A Christmas Concert - In Excelsis Gloria
The first half of the concert describes the Nativity through selections connected by their music, and includes works by Tomas Luis de Victoria, Leo Nestor, William Mathias, and Jonathan Dove. The second half of the concert also describes the Nativity but through selections connected by their texts, and includes works by Jacob Handl, Michael Praetorius, Francis Poulenc, Benjamin Britten, a Gregoria chant, arr. Shaw/Parker, and a selection from Piae Cantiones, arr. Ades. The concert ends with a joyful medley of sing-along carols.
Saturday December 3, 2011 at 8 pm and Sunday, December 4, 2011 at 4 pm
Performances at Our Lady of Peace Church
Program NotesIn order to mark the 400th Anniversary of his passing, Philomusica opens this concert with 2 pieces by the great Renaissance Spanish composer Tomas Luis de Victoria (1548 – 1611). The longer of these pieces is his “Magnificat Septimi Toni”. This piece is set in “alternatum” style, meaning that verses of the text alternate between the original Gregorian chant and newly composed polyphony. To acclimate our ears to this style of alternation, we begin with Victoria’s well-known “Ave Maria” for 4 voices. This piece opens with a short phrase of chant, which leads to the newly composed main body of the composition. The text of the prayer is in 2 sections: the first being the angel Gabriel’s greeting and announcement to Mary (set polyphonically), and the second is a request for Mary’s aid. It’s easy to hear the beginning of the second section – for the first time all 4 voice parts sing simultaneously in exactly the same rhythm (homophony). The longer “Magnificat…” is Mary’s response to the angel. It begins with a short phrase in chant on the single word,”Magnificat”, which is immediately followed by newly composed polyphony for the next part of the text. Besides alternating the musical style of each verse, Victoria builds in much more variety. For example, in verse 6, “Et misericordia…” (And His mercy is upon them…), he uses only the 3 upper voices: soprano, alto, and tenor. In verse 8, “Deposuit potentes…” (He has put down the mighty…), he sets the words for the 3 lower voices: alto, tenor, and bass. Verse 10 reverts back to all 4 voices, but for the first time the meter changes from 2 to 3. For verse 12, we return to a meter of 2, but Victoria expands the voice parts to 5. The piece ends as it began, with the final phrase in chant. That’s a lot of variety of sound in a 9-minute piece for unaccompanied choir!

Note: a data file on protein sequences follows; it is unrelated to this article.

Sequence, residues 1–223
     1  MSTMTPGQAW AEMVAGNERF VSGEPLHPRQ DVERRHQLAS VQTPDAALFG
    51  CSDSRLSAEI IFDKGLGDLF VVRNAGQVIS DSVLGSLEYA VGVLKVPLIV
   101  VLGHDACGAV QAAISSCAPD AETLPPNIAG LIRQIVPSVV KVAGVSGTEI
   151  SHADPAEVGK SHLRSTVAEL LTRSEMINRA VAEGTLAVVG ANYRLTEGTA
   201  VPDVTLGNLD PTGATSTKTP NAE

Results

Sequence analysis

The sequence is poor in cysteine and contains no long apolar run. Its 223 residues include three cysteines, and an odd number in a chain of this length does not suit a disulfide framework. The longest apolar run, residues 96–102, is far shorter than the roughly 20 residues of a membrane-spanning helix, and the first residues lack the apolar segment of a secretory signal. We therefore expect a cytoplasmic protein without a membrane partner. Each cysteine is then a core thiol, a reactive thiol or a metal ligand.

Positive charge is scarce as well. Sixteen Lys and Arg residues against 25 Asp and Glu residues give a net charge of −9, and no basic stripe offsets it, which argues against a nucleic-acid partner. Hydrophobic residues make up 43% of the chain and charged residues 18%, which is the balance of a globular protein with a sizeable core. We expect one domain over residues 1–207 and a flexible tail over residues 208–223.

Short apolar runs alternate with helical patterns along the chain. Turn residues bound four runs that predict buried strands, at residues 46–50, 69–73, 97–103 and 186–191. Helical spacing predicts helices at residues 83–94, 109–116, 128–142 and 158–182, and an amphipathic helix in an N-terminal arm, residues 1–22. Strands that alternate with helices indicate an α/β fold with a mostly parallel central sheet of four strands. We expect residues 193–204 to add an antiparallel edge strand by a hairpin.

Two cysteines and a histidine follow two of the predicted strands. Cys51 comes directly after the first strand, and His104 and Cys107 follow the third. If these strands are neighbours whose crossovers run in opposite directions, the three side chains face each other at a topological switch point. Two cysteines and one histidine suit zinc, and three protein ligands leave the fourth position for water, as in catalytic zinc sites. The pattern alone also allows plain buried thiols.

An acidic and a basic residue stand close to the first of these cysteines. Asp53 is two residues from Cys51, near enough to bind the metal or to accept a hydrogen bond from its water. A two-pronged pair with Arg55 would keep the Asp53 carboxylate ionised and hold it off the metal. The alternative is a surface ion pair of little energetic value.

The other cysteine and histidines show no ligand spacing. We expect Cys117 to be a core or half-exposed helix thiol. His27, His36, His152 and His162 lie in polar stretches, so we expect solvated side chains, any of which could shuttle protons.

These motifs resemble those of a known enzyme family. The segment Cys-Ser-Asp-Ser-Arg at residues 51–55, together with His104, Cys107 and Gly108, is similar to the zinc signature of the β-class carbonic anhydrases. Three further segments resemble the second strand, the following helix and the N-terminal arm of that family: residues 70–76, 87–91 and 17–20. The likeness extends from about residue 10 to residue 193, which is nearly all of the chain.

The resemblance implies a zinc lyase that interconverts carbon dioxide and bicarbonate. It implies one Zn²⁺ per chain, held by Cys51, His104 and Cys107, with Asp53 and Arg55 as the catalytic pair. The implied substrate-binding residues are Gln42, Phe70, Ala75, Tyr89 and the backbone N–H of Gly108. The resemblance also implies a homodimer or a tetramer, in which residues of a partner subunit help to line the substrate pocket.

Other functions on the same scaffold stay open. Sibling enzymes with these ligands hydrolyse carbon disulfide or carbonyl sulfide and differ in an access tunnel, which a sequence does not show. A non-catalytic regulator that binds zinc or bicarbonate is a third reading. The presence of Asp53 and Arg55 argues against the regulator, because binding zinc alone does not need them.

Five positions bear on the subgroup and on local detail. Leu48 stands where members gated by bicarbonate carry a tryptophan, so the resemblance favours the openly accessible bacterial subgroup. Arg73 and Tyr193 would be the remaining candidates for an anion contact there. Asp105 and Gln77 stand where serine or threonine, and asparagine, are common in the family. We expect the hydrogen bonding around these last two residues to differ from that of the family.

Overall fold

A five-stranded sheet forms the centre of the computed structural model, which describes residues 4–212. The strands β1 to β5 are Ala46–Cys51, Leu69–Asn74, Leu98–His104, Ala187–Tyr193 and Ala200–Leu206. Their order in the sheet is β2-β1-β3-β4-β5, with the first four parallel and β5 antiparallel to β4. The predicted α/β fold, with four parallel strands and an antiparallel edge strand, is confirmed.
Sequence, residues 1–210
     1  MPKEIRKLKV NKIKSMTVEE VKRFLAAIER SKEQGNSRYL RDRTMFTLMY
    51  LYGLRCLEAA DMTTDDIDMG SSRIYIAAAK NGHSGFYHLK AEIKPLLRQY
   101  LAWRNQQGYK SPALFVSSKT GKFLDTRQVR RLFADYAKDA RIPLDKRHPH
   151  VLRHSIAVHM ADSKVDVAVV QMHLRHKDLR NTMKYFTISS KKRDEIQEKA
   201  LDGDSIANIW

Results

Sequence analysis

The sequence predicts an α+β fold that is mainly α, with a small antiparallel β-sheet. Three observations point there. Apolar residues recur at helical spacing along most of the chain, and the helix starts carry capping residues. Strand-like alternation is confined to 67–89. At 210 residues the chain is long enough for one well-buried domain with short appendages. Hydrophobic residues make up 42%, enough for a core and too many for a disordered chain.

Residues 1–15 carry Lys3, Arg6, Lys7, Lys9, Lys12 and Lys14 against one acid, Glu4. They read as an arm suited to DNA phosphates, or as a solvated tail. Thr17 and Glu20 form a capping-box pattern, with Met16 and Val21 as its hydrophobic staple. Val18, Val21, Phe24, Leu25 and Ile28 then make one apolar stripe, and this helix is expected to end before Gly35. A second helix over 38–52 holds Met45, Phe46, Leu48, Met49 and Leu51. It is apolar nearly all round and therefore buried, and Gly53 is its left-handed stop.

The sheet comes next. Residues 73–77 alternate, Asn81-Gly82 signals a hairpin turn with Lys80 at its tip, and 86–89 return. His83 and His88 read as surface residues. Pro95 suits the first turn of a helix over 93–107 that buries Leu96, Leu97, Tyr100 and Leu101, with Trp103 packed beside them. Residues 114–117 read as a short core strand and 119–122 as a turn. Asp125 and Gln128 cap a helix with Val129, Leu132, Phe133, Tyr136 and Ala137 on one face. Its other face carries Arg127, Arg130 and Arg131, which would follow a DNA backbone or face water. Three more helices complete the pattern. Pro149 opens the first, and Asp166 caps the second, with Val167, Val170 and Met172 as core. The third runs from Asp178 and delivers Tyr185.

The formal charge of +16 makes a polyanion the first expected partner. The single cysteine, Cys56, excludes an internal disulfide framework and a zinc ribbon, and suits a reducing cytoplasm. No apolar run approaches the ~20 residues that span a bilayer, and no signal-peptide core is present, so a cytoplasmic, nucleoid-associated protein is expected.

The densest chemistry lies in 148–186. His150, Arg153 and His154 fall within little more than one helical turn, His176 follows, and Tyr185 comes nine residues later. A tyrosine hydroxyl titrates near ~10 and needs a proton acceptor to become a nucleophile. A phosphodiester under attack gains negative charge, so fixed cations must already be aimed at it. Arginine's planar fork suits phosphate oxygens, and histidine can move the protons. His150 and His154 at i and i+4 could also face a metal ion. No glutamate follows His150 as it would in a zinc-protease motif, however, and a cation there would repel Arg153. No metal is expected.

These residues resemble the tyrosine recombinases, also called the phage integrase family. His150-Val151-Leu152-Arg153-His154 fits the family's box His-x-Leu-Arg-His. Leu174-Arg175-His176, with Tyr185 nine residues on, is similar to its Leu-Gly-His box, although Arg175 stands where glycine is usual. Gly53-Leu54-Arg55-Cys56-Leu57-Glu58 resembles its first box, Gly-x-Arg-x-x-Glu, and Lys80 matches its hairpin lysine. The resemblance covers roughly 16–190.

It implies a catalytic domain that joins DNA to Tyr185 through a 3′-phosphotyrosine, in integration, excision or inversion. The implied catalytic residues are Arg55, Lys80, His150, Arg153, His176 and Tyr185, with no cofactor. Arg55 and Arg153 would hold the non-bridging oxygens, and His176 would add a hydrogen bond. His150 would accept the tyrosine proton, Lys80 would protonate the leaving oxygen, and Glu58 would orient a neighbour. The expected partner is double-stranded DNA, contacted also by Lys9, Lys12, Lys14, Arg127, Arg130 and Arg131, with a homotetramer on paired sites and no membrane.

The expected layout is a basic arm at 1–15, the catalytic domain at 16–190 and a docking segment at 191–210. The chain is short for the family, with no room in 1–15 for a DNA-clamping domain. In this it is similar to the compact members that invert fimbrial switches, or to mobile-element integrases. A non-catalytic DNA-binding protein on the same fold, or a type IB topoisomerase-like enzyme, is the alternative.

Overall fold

We now have 3 shorter pieces to help us transition from the sounds of Medieval and Renaissance music to the sounds of the 20th century. The first of these is by the Welsh composer, William Mathias (1934 – 1992). The a cappella “In excelsis gloria” was composed in 1954 and uses a lot of open 5ths in the introduction and in the accompanying voice parts. This technique recalls the sound of open 4ths and 5ths in Medieval organum. However the composer also employs modern harmonies and numerous dynamic changes to place us in the 20th century.